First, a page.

Everything You Never Knew You Wanted to Know About Berlin


Warenhaus am Weinberg, or Kaufhaus Jandorf in Brunnenstraße as it is known today, was the third out of six department stores opened in Berlin by Abraham Adolf Jandorf (the last one being the now world-famous Berlin´s KaDeWe, or Kaufhaus des Westens).

Warenhaus am Weinberg in 1904 (author unknown).

Warenhaus am Weinberg in 1904 (author unknown).

It architects, Lachmann & Zauber, inspired by Alfred Messel´s designs for the Wertheims of the Warenhaus Wertheim chain, provided the building with a steel-frame grid – a step which made it both stable and modern. The steel skeleton frame it was built on and around – walls, floors and the roof of such buildings are, to put it simply, attached to the grid – was an invention which paved the way towards the construction of famous American skyscrapers. It also made those buildings particularly resistant: no wonder that most of the steel-frame buildings in Berlin survived WWII almost intact.

Next to Jandorf´s department store in Brunnenstraße corner Veteranenstraße, the group encompassed, among others: the famous Weinhaus Huth at Potsdamer Platz (the only original Potsdamer Platz house which survived both the war and the days of the Berlin Wall), Shell-Haus at Reichpitschufer at Landwehrkanal, and Columbushaus which eventually burnt down (but for the frame) during the East Berlin Uprising of 1953. Other examples of steel-frame architecture – Weinhaus Rheingold (1907), Vox-Haus (1908), Haus Vaterland (1912) – came out of the turmoil more or less still standing, too, but were removed later.

Jandorf´s old department store as Union Vereinigten Kaufstätten in 1938 (image through

Jandorf´s old department store as Union Vereinigten Kaufstätten in 1938 (image through

Jandorf´s store, a 5-storey edifice with an elegant stone façade featuring bees as a symbol of Fleiß (German for industriousness), offered medium-priced goods to the mostly working-class and middle-class residents of Rosenthaler Vorstadt, which at the beginning of the 20th century was a fast-developing but pretty poor area with plenty of perspectives for clever businesspeople. Today, this part of the city between Torstraße, Brunennstraße, Prenzlauer Allee and Pankow counts as one of the most gentrified corners of Berlin.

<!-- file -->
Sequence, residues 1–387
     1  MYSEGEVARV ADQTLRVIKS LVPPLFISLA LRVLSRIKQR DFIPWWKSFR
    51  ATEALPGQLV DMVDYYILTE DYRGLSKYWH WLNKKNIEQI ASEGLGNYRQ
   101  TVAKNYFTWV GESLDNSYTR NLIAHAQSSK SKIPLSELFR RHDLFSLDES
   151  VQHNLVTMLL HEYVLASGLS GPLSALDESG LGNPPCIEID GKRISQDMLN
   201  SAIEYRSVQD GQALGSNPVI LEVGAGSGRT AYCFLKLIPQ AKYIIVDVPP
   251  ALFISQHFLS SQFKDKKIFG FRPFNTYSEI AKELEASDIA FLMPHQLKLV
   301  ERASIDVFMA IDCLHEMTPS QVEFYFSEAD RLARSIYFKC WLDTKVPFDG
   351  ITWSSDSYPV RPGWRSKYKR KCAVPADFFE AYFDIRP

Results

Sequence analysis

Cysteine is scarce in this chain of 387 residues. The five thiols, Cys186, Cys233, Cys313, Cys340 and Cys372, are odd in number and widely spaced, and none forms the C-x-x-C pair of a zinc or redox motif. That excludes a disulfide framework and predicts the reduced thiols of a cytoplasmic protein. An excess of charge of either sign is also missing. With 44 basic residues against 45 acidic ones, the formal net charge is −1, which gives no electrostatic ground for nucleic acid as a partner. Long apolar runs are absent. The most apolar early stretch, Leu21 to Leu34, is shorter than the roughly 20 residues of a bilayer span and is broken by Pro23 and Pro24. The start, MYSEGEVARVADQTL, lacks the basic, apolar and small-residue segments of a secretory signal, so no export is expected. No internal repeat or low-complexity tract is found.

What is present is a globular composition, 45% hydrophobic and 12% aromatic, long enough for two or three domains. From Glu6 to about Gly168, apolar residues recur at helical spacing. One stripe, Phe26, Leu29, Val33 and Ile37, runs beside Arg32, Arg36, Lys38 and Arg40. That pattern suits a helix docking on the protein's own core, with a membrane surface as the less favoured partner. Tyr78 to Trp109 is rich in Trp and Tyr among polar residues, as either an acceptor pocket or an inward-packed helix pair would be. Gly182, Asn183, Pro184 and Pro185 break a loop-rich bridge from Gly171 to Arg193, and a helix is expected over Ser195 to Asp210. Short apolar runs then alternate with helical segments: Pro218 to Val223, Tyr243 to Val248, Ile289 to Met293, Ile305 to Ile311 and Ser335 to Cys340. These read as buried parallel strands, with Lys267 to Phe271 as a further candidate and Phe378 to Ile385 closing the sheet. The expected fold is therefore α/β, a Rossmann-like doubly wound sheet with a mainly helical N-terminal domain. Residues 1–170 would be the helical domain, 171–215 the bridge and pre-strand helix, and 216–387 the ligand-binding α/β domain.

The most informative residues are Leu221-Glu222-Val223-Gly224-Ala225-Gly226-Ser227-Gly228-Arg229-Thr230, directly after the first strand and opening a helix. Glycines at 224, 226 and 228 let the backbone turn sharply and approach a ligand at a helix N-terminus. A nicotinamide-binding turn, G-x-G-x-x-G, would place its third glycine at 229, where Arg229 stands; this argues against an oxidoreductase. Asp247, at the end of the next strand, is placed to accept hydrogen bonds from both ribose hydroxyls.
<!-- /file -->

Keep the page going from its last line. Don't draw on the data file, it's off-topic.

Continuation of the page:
In 1926 Warenhaus am Weinberg, like all Jandorf´s stores, was bought by the competition, Warenhaus Tietz chain (and here´s a little piece of local historical trivia for your next pub quiz: Tietz´s first Berlin location, in Leipziger Straße, was co-designed by the same architect duo, Lachmann & Zauber). “Aryanised” by the Nazis, it became a Hertie department store, followed b “Union Vereinigter Kaufstätten” between 1938-1945, and after the war served East Berlin as its Haus der Mode, or Fashion House, where new trends were developed and turned into highly desired new pieces of clothing. At the time, Jandorf´s store was considered to be the best fashion show venue on this side of the Iron Curtain.


Today it is still used as a venue, however, it is not limited to fashion only. The building, bought and pepped up by a Frankfurt-am-Main investor after the Wende, can be rented for exhibitions, shows and events by anyone prepared to invest in having it at their disposal. Those, who like the author, could not possibly be able to do so without selling a kidney or two, can hope to get a sneaky peek at the old but not aged beauty of Lachmann & Zauber´s design by having their name put on the guest lists for one of the said events. Or you can visit the site virtually by going to the following web page.



  1. penwithlit
    December 6, 2016

    Reblogged this on penwithlit and commented:
    I have just realised that I noticed this remarkable building in July and took a photograph. A busy and colourful area with lots of bookshops -leider nebenbei mein Handy war geklaut!!


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